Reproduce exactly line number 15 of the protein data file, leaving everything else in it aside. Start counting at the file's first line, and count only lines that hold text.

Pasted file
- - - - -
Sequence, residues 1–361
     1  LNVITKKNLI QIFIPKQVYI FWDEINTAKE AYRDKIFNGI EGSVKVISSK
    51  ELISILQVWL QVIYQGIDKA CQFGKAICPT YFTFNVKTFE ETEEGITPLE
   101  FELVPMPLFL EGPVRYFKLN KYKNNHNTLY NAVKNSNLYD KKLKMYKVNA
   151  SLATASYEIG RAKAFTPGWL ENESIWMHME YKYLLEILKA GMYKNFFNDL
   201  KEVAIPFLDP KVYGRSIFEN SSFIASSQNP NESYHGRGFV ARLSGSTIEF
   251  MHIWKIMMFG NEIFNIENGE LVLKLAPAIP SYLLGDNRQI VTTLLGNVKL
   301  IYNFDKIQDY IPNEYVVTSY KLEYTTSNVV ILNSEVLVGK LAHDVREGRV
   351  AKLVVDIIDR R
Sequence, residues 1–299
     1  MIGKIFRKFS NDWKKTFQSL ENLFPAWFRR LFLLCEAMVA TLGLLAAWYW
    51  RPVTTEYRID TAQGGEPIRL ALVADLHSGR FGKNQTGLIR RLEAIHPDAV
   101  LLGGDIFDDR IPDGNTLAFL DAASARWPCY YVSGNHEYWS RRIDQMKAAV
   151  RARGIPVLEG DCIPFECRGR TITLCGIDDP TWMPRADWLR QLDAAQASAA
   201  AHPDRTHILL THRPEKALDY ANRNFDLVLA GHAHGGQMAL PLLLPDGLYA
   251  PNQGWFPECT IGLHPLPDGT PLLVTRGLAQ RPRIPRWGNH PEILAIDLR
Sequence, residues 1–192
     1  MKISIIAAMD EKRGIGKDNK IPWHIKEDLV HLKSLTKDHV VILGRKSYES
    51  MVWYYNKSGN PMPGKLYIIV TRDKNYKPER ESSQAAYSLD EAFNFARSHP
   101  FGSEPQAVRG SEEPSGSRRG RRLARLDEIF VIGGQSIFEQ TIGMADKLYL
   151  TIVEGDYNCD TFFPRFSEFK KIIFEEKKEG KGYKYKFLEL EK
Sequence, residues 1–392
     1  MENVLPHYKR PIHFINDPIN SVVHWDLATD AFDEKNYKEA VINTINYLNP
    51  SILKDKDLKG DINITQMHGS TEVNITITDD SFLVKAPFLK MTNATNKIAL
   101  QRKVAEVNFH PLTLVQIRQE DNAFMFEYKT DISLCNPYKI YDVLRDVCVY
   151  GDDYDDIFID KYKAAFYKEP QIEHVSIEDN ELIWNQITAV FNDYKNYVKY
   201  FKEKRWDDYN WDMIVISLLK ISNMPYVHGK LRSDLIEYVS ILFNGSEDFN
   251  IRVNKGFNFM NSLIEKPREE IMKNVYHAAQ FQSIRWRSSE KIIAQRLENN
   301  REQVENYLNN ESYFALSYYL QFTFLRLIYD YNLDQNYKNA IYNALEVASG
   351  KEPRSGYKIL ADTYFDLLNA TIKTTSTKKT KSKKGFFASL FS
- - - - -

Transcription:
   201  AHPDRTHILL THRPEKALDY ANRNFDLVLA GHAHGGQMAL PLLLPDGLYA